Keeping an Eye on Your Vision: | NCW Insurance

eye_examAugust is National Eye Exam month and in observance of the holiday it’s important to visit your eye doctor for a comprehensive eye exam. The Vision Council of America states that 12.2 million Americans require some sort of vision correction but don’t use any and 48% of parents with children under the age of 12 have never taken their children to an eye care professional.

“An eye exam is so important because it can tell your doctor about your overall health,” affirms Dr. Edward Kondrot, the world’s leading ophthalmologist and founder of Healing the Eye & Wellness Center.

According to the American Academy of Ophthalmologists, the frequency of eye exams is dependent on an individual’s age, race, past ocular history, medical history, family history of eye disease, and types of symptoms or ocular findings encountered. Below you’ll find general guidelines on how often you should visit the eye doctor:

Children 5 years and younger: For children under 3, your pediatrician will likely look for the most common eye problems — lazy eye, crossed eyes or turned-out eyes. Depending on your child’s willingness to cooperate, his or her first more comprehensive eye exam should be done between the ages of 3 and 5.

School-age children/adolescents: Have your child’s vision checked before he or she enters first grade. If your child has no symptoms of vision problems and you don’t have a family history of vision problems, have your child’s vision rechecked every two years. If your child does have vision problems or a family history of vision problems, have your child’s vision rechecked as advised by your eye doctor.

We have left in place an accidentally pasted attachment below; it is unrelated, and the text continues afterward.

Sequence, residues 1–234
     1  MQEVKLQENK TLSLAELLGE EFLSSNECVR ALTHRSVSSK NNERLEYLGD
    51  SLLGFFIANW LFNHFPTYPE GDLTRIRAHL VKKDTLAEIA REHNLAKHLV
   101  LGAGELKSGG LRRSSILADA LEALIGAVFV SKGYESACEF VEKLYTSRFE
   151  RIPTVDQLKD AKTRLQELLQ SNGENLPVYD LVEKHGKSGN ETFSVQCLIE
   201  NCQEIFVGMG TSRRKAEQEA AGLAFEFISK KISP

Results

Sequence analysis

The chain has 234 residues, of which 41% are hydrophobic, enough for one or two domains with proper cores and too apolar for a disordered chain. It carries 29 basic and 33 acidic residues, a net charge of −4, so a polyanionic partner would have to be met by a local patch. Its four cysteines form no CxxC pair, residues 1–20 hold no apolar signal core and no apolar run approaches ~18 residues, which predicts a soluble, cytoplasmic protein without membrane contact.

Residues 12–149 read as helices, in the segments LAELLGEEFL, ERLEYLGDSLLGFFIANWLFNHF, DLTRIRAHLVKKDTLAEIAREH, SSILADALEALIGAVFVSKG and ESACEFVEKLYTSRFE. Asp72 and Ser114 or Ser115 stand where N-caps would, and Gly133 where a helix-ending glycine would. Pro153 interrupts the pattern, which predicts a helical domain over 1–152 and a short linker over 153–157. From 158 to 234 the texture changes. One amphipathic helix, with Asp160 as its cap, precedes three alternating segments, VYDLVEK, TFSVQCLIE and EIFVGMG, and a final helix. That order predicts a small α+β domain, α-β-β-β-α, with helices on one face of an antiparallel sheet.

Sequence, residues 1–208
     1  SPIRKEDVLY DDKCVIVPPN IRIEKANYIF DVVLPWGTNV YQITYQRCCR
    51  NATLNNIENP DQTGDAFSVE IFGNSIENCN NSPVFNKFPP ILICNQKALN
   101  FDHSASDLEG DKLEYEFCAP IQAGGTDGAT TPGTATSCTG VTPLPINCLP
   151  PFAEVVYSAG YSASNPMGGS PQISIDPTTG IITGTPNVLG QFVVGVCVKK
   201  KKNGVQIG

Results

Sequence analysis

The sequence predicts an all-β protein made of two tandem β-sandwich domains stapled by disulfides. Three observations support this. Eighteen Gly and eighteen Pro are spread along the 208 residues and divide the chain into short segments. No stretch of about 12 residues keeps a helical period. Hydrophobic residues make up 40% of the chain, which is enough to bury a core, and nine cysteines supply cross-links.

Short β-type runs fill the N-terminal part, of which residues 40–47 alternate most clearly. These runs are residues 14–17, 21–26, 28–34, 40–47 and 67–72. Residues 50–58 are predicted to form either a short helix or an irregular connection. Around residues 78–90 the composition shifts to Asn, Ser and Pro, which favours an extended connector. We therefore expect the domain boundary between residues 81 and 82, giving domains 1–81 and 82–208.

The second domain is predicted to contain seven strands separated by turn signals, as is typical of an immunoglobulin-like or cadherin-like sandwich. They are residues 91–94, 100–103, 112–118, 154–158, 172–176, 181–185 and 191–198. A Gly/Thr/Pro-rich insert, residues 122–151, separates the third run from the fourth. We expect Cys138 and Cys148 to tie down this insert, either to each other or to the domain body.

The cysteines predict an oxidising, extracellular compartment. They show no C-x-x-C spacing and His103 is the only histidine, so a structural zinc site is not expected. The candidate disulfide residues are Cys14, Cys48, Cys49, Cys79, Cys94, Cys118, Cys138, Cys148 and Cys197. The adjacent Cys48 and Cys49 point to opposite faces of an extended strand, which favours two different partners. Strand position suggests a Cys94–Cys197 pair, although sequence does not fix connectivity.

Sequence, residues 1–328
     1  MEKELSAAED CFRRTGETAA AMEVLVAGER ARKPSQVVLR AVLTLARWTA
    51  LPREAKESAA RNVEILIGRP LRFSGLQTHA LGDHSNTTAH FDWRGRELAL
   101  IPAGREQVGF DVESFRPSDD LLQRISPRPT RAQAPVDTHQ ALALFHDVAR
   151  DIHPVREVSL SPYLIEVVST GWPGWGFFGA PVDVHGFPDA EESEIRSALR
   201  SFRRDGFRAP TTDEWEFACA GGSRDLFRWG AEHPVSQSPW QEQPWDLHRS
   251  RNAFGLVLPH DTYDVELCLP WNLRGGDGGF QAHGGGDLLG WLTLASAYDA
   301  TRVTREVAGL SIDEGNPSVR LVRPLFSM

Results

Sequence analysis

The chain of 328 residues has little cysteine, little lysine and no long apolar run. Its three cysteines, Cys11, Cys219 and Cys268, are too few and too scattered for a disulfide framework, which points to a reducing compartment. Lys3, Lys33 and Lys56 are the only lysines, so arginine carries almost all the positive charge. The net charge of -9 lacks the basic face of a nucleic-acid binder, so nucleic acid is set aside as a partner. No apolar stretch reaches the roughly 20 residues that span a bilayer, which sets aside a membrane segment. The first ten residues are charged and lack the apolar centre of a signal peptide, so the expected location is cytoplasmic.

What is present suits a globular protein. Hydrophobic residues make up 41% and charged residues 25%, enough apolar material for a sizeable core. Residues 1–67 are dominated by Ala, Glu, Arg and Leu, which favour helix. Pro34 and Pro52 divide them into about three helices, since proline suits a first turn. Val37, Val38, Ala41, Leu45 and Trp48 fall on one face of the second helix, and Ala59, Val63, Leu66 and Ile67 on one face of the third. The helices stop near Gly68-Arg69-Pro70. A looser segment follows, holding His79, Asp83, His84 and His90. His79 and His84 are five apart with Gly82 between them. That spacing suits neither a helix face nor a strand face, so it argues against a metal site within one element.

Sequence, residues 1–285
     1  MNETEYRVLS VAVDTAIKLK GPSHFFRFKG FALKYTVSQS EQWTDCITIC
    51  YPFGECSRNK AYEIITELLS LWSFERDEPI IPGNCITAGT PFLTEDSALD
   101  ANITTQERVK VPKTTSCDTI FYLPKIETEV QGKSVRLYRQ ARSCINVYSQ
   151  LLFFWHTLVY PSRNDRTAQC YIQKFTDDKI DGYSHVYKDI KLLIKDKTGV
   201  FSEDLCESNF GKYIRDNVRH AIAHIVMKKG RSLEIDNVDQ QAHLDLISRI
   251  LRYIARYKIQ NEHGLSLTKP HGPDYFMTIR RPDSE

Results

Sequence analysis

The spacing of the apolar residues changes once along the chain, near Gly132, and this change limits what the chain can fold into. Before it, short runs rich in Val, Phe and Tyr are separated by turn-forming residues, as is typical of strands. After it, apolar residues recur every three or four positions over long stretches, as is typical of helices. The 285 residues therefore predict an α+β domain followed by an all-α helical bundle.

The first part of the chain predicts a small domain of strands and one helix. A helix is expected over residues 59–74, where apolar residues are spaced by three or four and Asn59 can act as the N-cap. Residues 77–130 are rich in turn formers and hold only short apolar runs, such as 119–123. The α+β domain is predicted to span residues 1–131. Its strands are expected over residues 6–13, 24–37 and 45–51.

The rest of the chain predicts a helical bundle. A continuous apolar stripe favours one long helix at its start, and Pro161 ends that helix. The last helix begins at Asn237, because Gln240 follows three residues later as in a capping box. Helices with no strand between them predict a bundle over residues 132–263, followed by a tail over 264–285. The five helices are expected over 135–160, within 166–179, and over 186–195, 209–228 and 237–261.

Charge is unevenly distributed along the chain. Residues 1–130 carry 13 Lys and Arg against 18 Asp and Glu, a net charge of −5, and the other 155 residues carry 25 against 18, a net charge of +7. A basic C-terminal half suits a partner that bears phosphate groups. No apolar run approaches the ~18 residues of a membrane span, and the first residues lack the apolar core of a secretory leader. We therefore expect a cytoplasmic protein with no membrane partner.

Adults: In general, if you’re healthy and have no symptoms of vision problems, you should have your vision checked every five to 10 years in your 20s and 30s. Between ages 40 and 65, have your vision checked every two to four years. After age 65, get your eyes checked every one to two years. If you wear glasses, have a family history of eye disease or have a chronic disease that puts you at greater risk of eye disease, such as diabetes, have your eyes checked more frequently.

Five reasons to get an eye exam by an eye doctor:

Save a Headache: If you have been having unexplained, constant headaches, your solution could be visiting your ophthalmologist. An ophthalmologist can pinpoint the problem of your headaches.

Perform Well in School: One out of every four children has vision problems; a common reason children fall behind in school is poor, undetected vision. Taking your children to the optometrist can detect an eyesight problem that can contribute to learning and reading difficulties.

Determine Prescription: Your eyes change over time. An eye doctor can determine if you need eyeglasses or contacts, or if you need a stronger prescription to reduce eyestrain and increase your visibility.

Detect Eye Conditions: An ophthalmologist is able to spot the early onset signs of diabetes, high blood pressure, glaucoma and high cholesterol just by looking at the eye.